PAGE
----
The Roots of Uncertainty in Organization Theory: A Historical Constructivist Analysis

Yehouda Shenhav*, Ely Weitz

*Corresponding author for this work

Research output: Contribution to journalArticlepeer-review


This study examines the rise of discourse on uncertainty in organization theory during the period 1879-1932. It offers qualitative analyses that are based on primary data collected from the American Machinist and the Engineering Magazine, central sources of documentation of management during this period. Introducing a social-constructivist approach to the empirical study of organizations, we argue that discourse on 'uncertainty' has its roots in the technical sphere of industrial America. With time, elements of the concept were 'translated' (metaphors, analogies, and paradigms) from the technical field to the management of organizations, thereby creating homologies between previously unrelated entities. Furthermore, claims to organizational reality depend, not only on metaphors and analogies borrowed from the technical realm, but also on the presence of an enabling social context. In this study, the context consists of (a) a network of mechanical engineers which diffused the concept, (b) the cultural spirit of the Progressive Era, and (c) the politics of labor unrest. We argue that the concept of uncertainty may be regarded as socially constructed knowledge that was created in a unique historical context and enacted by organizational actors and management theorists. The implications of this approach for contemporary organization theory are discussed.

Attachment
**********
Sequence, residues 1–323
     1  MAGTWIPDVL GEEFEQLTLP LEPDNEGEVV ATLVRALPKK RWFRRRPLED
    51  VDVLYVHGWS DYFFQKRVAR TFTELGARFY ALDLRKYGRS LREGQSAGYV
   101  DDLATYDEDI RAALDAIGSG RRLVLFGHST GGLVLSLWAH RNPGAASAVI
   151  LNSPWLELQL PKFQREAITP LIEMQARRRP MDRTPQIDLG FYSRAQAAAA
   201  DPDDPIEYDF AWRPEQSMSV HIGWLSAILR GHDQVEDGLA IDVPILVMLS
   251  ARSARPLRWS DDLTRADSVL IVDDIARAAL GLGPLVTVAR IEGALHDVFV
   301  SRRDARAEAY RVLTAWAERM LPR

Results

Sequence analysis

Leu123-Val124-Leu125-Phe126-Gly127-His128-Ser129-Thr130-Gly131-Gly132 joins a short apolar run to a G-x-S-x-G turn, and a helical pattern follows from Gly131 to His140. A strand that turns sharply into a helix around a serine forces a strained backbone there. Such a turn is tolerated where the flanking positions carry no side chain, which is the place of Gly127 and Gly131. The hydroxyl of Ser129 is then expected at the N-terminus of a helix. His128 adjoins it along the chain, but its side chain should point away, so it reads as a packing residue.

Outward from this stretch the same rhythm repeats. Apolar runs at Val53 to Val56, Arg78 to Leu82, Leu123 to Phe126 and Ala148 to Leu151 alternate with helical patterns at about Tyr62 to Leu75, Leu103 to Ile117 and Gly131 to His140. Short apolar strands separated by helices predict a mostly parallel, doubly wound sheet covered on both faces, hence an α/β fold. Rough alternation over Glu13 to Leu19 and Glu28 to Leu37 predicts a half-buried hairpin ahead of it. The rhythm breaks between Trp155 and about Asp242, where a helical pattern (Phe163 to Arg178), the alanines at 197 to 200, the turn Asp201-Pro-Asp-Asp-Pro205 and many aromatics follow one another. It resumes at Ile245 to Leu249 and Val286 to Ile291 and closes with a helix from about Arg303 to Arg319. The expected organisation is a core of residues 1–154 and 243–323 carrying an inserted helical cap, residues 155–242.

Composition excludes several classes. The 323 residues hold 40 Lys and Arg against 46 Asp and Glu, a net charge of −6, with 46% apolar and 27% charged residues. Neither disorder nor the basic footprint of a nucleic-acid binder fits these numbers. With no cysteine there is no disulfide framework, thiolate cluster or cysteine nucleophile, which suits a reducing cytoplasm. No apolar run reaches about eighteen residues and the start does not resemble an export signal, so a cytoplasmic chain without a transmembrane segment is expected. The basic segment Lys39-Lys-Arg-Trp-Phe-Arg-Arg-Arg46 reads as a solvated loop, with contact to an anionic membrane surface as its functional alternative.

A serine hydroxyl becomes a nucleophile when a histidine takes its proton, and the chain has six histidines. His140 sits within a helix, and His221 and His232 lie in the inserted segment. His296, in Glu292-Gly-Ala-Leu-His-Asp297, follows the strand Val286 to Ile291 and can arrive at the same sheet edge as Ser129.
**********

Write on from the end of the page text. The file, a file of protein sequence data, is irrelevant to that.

Original languageEnglish
Pages (from-to)373-401
Number of pages29
Issue number3
StatePublished - Aug 2000


  • Genealogical analysis
  • History of organization theory
  • Managerial ideology
  • Mechanical engineering and management
  • Organizational uncertainty


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